It's worth experimenting also, because certain widths are better than others. 4mm works very well for me. For surface mount stuff, thinner braid is essential.

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IST NICHT FÜR GEWERKEN BEI DUMMKOPFEN. DER RUBBERNECKEN SIGHTSEEREN KEEPEN DAS COTTONPICKEN HÄNDER IN DAS POCKETS MUSS.
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State Machine
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PostPosted: Thu Apr 05, 2007 11:15 am    Post subject: Reply with quote  Mark this post and the followings unread

Quote:
It's worth experimenting also, because certain widths are better than others. 4mm works very well for me. For surface mount stuff, thinner braid is essential.


Yes, I agree, the width should suit the application Very Happy I also find that not pressing too hard will save you from lifting a pad when desoldering .....

Maybe a soldering/component removal thread would be helpful. Question

Bill
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para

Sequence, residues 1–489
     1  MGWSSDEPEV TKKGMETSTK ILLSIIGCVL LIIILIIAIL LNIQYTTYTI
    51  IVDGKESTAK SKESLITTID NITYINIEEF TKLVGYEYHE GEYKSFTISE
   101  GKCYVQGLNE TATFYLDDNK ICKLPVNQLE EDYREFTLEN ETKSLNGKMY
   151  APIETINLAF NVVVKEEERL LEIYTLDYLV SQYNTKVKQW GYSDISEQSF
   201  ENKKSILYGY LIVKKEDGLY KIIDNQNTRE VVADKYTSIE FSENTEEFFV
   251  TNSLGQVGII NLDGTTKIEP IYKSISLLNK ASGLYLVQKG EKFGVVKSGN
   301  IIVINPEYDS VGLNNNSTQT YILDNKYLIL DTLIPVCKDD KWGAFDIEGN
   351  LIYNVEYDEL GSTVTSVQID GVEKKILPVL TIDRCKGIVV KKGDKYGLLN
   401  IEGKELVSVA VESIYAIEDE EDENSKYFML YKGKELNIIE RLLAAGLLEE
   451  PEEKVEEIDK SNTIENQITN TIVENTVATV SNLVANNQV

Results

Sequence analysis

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PostPosted: Fri Apr 06, 2007 4:20 am    Post subject: Reply with quote  Mark this post and the followings unread

thanks for doing this Bill. i'm sure this took some time to write up and research i seriously appreciate the assistance. You as well v-un-v and sorry to take so long getting back to you. i became an uncle last night, i was at the hospital all day.


--- Q and A -----------

--- "OK, make sure Q3 and Q4 are oriented correctly and all the P-N junctions are each approximately one diode drop."

they are oriented as indicated on the board and from what i can make out of the traces i followed them according to the schematics. both faces facing C7 right? " are each approximately one diode drop" not sure how to do that? i turned it off and measured across each pin to center and got about .700 on the diode setting of my DMM but when it was turned on Q4 wouldn't read across two of its pins. sound right? i don't know transistors very well yet


--- "Check for wrong components. "

will have to do that again, but i've been over it a few times already


--- "Next, check U3-8 for a change in voltage as you adjust VC NOISE and INIT potentiometers. It will not be a large swing as the amplifier is actually inverting and attenuating. Also check that the Q3 and Q4 emitter drive at U3-14 varies in accordance with the change in INIT and VC NOISE adjustment. "

with a DMM set to DCv i was getting a range of like +/- 0.34v when moving the INIT but VC noise did nothing at all with U3-8 and U3-14 did nothing at all for either one.


--- " Check that C5 is properly connected and that it is indeed 470 pF. "